That PM Modi is landing in Bangladesh today to begin his first foreign trip after the onset of the Covid-19 pandemic highlights the close relations that New Delhi and Dhaka have come to enjoy. There’s no denying that history binds the two nations together, given the key role that India played in Bangladesh’s liberation struggle. There’s therefore a nice symbolic symmetry to the fact that India’s PM will be chief guest at the 50th anniversary of Bangladesh’s founding, which also happens to be the birth centenary year of its founder father Sheikh Mujibur Rahman.
Many had wondered about Bangladesh’s chances of success at the time of its birth, when it was seen as an ‘international basket case’. But today Bangladesh’s emergence as a vibrant nation has pitched it as South Asia’s contemporary rising star. Under the leadership of current PM Sheikh Hasina it has registered steady economic growth and is on target to leave the list of least developed countries by 2026. It, in fact, overtook India in per capita GDP last year and, as per World Bank estimates, is projected to post positive GDP growth for 2020-21.
Thus, Bangladesh has managed to grow its economy despite the pandemic while simultaneously registering lower Covid deaths per million than India. Moreover, Bangladesh is actually ahead of India in several human development indicators such as immunisation, hunger mitigation and fertility rate. That much of Bangladesh’s surge happened in Hasina’s time, even as she dramatically improved relations with India, shows how much regional cooperation can be achieved in South Asia which mostly has a sorry history of the opposite kind – of regional antagonism or at least neglect.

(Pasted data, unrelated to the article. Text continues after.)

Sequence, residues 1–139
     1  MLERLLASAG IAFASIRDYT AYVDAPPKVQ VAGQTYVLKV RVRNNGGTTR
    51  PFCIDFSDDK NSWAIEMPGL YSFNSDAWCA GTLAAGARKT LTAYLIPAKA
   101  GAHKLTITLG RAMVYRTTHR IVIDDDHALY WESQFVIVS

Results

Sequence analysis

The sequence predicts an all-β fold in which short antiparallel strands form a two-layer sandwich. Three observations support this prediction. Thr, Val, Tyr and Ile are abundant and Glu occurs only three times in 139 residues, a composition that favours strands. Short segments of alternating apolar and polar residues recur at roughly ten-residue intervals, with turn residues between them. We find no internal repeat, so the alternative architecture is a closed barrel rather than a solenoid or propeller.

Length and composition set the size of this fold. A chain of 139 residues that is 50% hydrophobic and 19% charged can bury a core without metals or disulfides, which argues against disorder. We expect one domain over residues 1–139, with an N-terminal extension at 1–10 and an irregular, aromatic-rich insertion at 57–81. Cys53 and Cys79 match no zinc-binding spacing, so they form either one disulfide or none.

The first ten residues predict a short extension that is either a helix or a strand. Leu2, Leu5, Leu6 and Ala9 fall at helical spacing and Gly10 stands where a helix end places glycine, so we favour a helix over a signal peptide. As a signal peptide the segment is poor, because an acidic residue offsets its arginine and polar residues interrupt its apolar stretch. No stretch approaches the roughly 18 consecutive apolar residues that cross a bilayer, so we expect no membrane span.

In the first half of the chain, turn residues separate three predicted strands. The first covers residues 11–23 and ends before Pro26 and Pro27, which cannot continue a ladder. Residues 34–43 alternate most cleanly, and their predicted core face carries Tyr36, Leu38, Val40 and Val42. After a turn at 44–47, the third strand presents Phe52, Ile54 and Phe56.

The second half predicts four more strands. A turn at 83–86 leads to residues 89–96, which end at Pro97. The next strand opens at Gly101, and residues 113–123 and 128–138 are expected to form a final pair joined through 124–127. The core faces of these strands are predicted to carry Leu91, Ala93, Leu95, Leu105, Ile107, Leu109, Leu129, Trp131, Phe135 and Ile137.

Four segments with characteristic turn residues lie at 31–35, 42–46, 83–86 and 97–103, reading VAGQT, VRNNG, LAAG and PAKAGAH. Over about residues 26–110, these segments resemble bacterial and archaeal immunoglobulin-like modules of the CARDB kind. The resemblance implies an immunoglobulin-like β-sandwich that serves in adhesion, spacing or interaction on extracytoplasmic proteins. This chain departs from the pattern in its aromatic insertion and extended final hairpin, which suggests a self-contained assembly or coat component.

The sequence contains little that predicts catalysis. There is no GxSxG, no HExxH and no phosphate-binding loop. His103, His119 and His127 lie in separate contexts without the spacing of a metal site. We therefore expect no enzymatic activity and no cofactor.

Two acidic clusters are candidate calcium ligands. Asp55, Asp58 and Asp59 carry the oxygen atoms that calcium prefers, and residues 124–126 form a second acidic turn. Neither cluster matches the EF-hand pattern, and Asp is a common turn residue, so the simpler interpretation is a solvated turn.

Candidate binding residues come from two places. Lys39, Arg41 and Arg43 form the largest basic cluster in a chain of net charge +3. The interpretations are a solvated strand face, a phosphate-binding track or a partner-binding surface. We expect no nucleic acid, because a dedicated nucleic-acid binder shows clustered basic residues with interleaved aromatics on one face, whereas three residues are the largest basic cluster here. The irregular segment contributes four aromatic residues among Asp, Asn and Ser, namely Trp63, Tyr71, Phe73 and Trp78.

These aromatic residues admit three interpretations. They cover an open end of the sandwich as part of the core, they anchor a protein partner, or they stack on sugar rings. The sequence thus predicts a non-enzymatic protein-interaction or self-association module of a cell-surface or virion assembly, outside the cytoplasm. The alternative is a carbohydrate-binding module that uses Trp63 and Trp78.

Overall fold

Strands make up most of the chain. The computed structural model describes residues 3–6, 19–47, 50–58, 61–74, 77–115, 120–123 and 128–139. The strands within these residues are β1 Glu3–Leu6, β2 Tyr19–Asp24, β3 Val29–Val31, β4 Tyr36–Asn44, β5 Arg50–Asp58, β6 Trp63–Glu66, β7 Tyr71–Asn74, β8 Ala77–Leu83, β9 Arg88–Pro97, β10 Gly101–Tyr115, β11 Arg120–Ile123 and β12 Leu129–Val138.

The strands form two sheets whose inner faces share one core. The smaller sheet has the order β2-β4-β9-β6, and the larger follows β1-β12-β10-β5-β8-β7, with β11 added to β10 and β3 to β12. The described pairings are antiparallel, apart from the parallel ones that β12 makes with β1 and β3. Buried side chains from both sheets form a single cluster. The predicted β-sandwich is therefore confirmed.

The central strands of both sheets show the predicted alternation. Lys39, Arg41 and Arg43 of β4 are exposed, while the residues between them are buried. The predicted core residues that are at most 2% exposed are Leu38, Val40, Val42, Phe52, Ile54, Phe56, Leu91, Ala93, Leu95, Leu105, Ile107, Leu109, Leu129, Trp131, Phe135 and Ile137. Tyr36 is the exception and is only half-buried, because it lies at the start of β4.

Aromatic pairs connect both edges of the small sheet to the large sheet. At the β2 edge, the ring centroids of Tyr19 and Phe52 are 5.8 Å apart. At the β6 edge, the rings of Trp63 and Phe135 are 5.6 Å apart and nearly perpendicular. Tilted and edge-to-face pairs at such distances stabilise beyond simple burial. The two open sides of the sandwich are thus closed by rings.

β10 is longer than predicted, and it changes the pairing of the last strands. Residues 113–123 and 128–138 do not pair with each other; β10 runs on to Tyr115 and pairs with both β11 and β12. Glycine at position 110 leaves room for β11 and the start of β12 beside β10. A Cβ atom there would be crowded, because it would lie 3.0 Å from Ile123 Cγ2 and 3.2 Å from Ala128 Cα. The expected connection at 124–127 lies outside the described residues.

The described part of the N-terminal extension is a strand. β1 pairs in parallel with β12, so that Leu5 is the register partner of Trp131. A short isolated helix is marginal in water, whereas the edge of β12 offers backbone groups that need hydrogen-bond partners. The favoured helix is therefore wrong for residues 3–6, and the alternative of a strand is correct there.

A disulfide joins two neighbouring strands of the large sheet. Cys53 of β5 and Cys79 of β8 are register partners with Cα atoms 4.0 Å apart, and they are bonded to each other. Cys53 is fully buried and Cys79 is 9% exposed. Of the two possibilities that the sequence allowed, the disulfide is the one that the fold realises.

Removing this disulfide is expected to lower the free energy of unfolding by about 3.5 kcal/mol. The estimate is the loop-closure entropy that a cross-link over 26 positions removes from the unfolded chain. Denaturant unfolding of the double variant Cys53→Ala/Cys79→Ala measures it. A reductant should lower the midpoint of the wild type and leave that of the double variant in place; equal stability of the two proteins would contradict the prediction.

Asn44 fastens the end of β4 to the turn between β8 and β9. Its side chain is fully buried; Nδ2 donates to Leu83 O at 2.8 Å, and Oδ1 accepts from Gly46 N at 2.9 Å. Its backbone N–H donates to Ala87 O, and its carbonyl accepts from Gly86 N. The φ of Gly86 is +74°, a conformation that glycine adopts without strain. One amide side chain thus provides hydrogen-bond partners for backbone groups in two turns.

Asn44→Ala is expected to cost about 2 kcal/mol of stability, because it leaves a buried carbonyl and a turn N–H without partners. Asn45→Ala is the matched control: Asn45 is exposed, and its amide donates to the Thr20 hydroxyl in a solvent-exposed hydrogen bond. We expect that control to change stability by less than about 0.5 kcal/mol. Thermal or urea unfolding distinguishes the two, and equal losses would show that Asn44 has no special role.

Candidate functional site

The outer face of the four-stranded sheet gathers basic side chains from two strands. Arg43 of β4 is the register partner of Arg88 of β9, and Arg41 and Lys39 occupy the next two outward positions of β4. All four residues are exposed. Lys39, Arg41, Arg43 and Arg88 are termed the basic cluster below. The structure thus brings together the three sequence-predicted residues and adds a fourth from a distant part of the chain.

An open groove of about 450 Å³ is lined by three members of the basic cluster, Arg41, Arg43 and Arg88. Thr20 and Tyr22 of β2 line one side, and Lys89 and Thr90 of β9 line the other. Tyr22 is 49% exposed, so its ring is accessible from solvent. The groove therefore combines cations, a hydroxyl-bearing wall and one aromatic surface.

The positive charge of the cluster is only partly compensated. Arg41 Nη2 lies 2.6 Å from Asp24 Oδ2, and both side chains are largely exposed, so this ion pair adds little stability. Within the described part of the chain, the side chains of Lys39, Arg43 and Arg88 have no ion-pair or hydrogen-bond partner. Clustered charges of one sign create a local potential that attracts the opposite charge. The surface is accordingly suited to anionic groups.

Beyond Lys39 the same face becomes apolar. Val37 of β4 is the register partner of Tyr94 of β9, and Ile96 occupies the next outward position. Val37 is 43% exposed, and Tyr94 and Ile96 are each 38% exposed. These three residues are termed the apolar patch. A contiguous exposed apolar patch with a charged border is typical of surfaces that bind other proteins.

Credit should go to both the Modi and Hasina regimes for working to revive bilateral connectivity and transit – long neglected by previous governments. Which is precisely why, at a time of improving relations, Indian politicians shouldn’t be raising the anti-Bangladeshi pitch on issues such as CAA and NRC to score domestic political points. In any case Bangladesh’s surge in living standards – it may have surpassed eastern India in this respect – and success in garments and textile industries which already employ millions, mean that the problem of illegal immigration belongs more to the past and there’s little point being overly exercised about it today. India and Bangladesh share a special chemistry now. Let’s focus on building on that fact by improving the trade, connectivity and people-to-people relationship.
This piece appeared as an editorial opinion in the print edition of The Times of India.
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